Navigating the Homosphere 101

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8 things I know now.  

1. Stereotyping isn’t cute my boys, babes and non-binary buddies. I don’t want to be your gay best friend or your lesbian side kick. I want to be your equal, your friend, the kind of person you plan a crime with rather than have them for a certain function that fits your, unfortunately, ingrained homophobic manifestations. Treat us like equals, not like accessories. 

2. Ugly bitches get stitches. Not literally of course, but a positive, inclusive attitude, especially towards friends, family and f*** buddies who might be coming to terms with themselves in their sexuality, and identity. Be encouraging, be kind and be supportive. 

3. Condoms. Rubber Johnnies. Some say they’re not cool, some say they make sex less fun. Personally, I’d rather use a love glove than get the clap. And if condoms really aren’t the way for you, practice safe sex, speak to your GP, it’s good practice and should be normal. Get tested, encourage your friends and new partners to get tested. Safe sex is cool and to quote Coach Carr from Mean Girls, “you will get pregnant and you will die!” Well, not really, but you get the gist.

4. Keeping up appearances and being in a relationship. Sometimes it’s hard for bisexuals to be recognised as having a valid sexuality whilst being in a relationship with some one of the opposite sex. Cardinal rule number one: being in a relationship with someone who doesn’t identify as being your gender or sex does not eradicate your sexuality or your identity within that. You are yourself regardless of who you share a bed with.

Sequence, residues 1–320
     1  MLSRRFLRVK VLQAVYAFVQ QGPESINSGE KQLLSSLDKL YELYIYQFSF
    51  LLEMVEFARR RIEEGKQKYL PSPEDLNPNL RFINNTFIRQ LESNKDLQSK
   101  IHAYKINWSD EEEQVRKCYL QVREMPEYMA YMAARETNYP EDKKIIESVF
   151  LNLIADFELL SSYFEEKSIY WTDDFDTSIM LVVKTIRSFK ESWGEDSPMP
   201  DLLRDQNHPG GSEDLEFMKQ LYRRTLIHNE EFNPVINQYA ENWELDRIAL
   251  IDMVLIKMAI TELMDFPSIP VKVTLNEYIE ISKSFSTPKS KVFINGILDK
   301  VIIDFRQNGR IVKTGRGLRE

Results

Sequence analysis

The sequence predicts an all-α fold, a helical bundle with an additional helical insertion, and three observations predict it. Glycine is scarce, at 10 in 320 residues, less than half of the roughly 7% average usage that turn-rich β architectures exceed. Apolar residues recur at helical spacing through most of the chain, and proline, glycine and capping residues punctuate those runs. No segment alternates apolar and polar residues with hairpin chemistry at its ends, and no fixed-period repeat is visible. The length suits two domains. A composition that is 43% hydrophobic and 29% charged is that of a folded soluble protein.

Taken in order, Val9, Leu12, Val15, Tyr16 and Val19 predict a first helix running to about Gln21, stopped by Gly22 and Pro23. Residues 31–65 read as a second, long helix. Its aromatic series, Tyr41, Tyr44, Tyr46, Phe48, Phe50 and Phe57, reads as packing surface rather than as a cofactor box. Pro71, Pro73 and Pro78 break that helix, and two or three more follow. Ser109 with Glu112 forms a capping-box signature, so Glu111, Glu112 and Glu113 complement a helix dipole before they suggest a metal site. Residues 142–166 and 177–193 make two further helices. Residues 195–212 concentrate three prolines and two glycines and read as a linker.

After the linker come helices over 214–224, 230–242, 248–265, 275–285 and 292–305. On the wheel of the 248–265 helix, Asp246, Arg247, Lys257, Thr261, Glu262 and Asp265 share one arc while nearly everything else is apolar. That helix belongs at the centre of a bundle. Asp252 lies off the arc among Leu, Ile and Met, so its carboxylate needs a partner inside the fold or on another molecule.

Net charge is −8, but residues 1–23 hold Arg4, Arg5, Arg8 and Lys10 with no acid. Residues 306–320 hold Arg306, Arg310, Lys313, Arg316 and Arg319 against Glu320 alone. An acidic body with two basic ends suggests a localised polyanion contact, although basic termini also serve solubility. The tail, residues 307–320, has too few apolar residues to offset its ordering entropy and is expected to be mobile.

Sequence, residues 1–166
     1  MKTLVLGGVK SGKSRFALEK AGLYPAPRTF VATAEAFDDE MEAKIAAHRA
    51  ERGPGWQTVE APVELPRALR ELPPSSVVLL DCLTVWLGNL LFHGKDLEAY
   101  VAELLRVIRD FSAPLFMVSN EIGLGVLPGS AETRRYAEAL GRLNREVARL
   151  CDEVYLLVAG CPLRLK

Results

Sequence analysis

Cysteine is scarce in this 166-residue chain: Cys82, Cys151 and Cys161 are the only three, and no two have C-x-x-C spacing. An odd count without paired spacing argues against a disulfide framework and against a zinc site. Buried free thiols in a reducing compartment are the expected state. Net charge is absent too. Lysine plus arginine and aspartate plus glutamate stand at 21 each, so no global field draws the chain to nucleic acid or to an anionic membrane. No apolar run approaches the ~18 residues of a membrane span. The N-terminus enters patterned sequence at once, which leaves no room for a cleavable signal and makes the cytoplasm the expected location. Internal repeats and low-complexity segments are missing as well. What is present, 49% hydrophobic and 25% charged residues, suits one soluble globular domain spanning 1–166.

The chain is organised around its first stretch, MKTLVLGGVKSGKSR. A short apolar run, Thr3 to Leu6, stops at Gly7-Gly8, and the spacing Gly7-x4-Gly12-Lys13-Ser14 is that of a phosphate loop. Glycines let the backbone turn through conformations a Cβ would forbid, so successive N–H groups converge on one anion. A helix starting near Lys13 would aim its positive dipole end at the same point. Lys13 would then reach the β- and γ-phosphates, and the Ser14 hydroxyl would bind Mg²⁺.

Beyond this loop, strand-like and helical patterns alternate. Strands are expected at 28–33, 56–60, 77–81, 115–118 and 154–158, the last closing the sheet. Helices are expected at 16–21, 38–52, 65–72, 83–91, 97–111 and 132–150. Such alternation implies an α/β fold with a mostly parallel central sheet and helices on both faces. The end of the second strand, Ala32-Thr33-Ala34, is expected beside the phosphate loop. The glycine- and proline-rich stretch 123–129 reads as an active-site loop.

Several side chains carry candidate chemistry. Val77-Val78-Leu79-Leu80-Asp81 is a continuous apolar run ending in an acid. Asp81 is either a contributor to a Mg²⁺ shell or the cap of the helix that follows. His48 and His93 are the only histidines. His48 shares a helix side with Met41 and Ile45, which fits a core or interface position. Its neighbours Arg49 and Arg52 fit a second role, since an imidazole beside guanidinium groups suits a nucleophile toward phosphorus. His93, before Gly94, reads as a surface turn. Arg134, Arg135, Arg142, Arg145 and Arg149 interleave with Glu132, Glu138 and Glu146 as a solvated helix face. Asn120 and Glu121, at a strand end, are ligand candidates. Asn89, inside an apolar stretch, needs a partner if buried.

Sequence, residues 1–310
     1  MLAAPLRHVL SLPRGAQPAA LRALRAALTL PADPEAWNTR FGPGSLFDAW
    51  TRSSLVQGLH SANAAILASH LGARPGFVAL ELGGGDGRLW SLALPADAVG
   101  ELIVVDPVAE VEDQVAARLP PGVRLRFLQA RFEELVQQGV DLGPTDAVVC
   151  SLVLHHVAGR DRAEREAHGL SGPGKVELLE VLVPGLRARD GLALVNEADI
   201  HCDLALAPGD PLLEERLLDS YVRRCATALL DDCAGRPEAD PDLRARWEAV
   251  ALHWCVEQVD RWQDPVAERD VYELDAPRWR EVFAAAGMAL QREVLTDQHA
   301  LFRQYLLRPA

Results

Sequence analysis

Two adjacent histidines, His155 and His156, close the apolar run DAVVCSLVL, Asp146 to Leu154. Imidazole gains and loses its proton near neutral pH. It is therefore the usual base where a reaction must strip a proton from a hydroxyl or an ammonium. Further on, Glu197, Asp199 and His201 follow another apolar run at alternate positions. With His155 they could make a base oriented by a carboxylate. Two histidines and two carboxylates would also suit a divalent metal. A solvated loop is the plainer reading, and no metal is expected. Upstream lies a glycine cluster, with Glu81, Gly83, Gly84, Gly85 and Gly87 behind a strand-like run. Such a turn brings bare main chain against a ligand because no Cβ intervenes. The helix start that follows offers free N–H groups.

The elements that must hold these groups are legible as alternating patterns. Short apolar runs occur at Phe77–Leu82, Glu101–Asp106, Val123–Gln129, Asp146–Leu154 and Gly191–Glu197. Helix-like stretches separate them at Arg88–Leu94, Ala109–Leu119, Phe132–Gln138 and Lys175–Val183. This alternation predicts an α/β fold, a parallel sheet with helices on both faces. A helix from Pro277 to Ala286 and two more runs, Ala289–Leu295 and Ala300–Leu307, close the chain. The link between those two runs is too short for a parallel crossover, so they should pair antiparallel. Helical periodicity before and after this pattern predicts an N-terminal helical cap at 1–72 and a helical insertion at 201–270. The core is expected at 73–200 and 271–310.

5. Diamonds are a girl’s best friend. Committing to a long-term queer relationship and getting acceptance from family. Have the conversation, especially with those who may not quite understand the gender and sexuality spectrum. Be as patient as you can, but put yourself first, this is your life and your happiness is worth more than someone else’s opinion. 

6. Individual journeys; all paths are valid and, just because someone has had an easier or harder time than you in coming to terms with themselves and getting acceptance (if they want it) from others, it does not mean that your experience is in anyway less valid or important. Your story is important and so are you. 

7. Consent is between adults. That is an unquestionable truth. Consent is between adult humans, sober, awake and with-out pressure. Anything less is assault. Unfortunately, in every vector of society, including the LGBTQ+ community, there are those who don’t understand this. Consent is between sober, awake, unpressured adults, regardless of time, location or attire. Bottom Line.

8. Keep Safe. Here are some numbers of help lines and advice pages for those in the LGBTQ+ community that are in crisis, feeling alone or just need someone to talk to: 

0345 330 3030 – A charity giving advice, information and support to those in the 

LGBTQ+ community. 

0300 030 0630 – Switchboard for the LGBTQ+ community with advisors who can recommend you to specialists and other treatments if needs be. 

01926 402 498 – A safeline for victims of assault, main number with specialist areas for males/females/non binary and trans members. 

Also try and find my fun acrostic poem!

Georgina Fuhri